Rock Salt & Your Lawn
What is rock salt and how can it negatively affect you lawn?
Rock Salt, also known as Halite when used industrially, is the mineral form of sodium chloride, or table salt. It can be purchased in grocery and hardware stores in bulk sized portions to be used as a de-icing agent for roads and walkways during the winter. There are many uses for Rock Salt, but here are some pros and the cons of using rock salt on your property to melt off your driveway(s) but can possibly damage your lawn or landscape in the process…..
Why we love rock salt
Salt lowers the freezing point of water and has historically been used to melt snow and ice on roads and walkways during winter weather. Although children may be dismissed from school for several days, many adults will not. Certain professions cannot allow the absence of their employees, hospitals for example, and for those who must travel during winter weather, salt is crucial and plays a vital role in safety. When the cold weather arrives, you need to be able to travel the roads and walk on your sidewalks without the fear of slipping on the ice and falling, or your vehicle sliding off the roadway. Rock Salt has been thought to be a safe and effective de-icer for hundreds of years, but recently new information has proven otherwise.
Dangers of rock salt to your lawn
Rock Salt is highly corrosive and will melt that annoying snow and ice mixture from your walkways, it will also break down just about anything from wood to metal, depending on the length of exposure. Rock salt has been proven hazardous to grass and plant life. For example, round up is a non-selective herbicide that is mainly made up of salt. This deicing agent will harm every part of your grass and plants even down to the root.
Salt doesn’t always stay where its put, it can be washed off into your flower bed or lawn, killing many of your plants that you want to keep. Often times rock salt pushed or plowed into your lawn can be confused with winterkill. The struggle to protect your property while maintaining the safety of roads and walkways may seem never ending, but you do have options.
5 ways to protect your lawn
- Burlap Sacks–Put down burlap sacks at the edge of your lawn. Placing burlap sacks around the edge of your lawn can help protect your grass from road salt. The burlap will prevent excess salt from getting onto your grass.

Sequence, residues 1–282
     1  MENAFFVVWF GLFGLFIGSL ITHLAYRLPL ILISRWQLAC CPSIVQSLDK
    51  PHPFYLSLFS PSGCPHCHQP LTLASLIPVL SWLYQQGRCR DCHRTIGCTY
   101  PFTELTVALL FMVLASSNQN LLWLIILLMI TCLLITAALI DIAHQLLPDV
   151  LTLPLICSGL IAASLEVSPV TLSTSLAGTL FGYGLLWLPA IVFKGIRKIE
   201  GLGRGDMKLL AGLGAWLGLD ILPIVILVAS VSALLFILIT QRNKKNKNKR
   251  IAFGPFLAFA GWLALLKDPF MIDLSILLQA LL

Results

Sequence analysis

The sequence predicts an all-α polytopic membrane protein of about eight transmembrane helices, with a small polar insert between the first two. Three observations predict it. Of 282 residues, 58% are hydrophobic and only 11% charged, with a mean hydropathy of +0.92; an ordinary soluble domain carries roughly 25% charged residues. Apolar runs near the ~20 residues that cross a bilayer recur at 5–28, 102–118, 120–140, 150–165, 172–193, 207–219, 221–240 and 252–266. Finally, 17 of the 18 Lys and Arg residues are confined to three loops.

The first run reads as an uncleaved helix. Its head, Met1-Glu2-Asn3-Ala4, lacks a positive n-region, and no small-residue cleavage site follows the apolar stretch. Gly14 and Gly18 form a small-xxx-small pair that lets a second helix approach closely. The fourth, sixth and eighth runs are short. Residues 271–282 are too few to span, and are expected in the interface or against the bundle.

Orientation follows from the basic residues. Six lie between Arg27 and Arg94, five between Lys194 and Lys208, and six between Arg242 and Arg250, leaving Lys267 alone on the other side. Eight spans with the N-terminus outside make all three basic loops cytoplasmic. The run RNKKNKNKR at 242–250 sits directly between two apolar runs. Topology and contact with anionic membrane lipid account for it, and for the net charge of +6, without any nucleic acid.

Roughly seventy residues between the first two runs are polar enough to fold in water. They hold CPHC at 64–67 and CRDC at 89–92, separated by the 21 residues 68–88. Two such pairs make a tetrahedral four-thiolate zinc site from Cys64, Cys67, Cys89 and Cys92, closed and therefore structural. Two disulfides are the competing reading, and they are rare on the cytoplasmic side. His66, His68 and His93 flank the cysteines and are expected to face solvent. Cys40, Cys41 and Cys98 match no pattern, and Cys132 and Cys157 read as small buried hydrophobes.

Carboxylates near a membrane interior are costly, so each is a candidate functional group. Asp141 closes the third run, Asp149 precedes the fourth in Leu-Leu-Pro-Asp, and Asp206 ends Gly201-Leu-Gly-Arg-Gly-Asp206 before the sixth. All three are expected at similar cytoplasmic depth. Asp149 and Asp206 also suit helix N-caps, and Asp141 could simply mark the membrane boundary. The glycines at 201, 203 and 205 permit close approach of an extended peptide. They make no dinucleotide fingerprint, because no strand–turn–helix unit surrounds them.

- Less Salt–Use less salt on your own property. While it is impossible to keep salt from being laid down on public roads, a lot of the salt that ends up in your lawn comes from the homeowner. To decrease the impact on your lawn, apply minimal rock salt on your own property.
- Limestone– Put down limestone to lower your lawn PH levels. One primary way that salt damages your lawn is by increasing the pH level, raising soil acidity. If you put lime down on your lawn, you will lower the acidity of the soil making it a safer environment for grass to grow.
- Decorative Stones–Edge your lawn with decorative rocks or stones. Usually, the salt that winds up on your lawn collects around the edges where the road and your lawn meet. Create a decorative border of stones or bricks. This will add beauty to your lawn while creating a buffer zone to absorb salt damage.
- Sand or Kitty Litter– Use sand or kitty litter. Instead of putting down salt or other de-icing agents, use a material like sand or cat litter that will sit on top of the ice and prevent anyone walking on it from slipping. Salt-less materials do far less damage to plants than salt.
- Cover Your Lawn– Like most golf courses on their greens, when temperatures are frigidly cold, they cover their putting surfaces to protect them from the extreme temperatures that can harm or even destroy those highly maintained areas. Where covering your lawn may seem unrealistic and expensive, it can definitely provide the extra protection it needs to “weather the storm.”
Call 4-EverGreen Lawn Care when the winter weather clears out to schedule a pre-emergent treatment to prepare for a lush, green lawn. We want to play Hide & Seek with your weeds!!